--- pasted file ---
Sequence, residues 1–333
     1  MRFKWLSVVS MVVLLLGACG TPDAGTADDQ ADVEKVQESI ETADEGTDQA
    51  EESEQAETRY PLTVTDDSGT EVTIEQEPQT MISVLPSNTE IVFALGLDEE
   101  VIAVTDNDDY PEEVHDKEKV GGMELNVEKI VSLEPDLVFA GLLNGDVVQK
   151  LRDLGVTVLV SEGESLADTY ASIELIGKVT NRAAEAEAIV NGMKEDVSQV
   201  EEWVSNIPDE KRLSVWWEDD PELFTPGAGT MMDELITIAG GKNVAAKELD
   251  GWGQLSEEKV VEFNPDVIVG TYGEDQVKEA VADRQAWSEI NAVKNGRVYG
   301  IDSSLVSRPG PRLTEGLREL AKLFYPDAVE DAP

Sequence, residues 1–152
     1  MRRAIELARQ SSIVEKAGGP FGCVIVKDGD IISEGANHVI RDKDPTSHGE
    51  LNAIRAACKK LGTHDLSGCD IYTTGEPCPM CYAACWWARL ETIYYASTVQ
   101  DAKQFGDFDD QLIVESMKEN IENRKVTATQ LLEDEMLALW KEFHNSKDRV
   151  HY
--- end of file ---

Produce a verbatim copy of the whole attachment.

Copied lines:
Sequence, residues 1–333
     1  MRFKWLSVVS MVVLLLGACG TPDAGTADDQ ADVEKVQESI ETADEGTDQA
    51  EESEQAETRY PLTVTDDSGT EVTIEQEPQT MISVLPSNTE IVFALGLDEE
   101  VIAVTDNDDY PEEVHDKEKV GGMELNVEKI VSLEPDLVFA GLLNGDVVQK
   151  LRDLGVTVLV SEGESLADTY ASIELIGKVT NRAAEAEAIV NGMKEDVSQV
   201  EEWVSNIPDE KRLSVWWEDD PELFTPGAGT MMDELITIAG GKNVAAKELD
   251  GWGQLSEEKV VEFNPDVIVG TYGEDQVKEA VADRQAWSEI NAVKNGRVYG
   301  IDSSLVSRPG PRLTEGLREL AKLFYPDAVE DAP

Sequence, residues 1–152
     1  MRRAIELARQ SSIVEKAGGP FGCVIVKDGD IISEGANHVI RDKDPTSHGE
    51  LNAIRAACKK LGTHDLSGCD IYTTGEPCPM CYAACWWARL ETIYYASTVQ
   101  DAKQFGDFDD QLIVESMKEN IENRKVTATQ LLEDEMLALW KEFHNSKDRV
   151  HY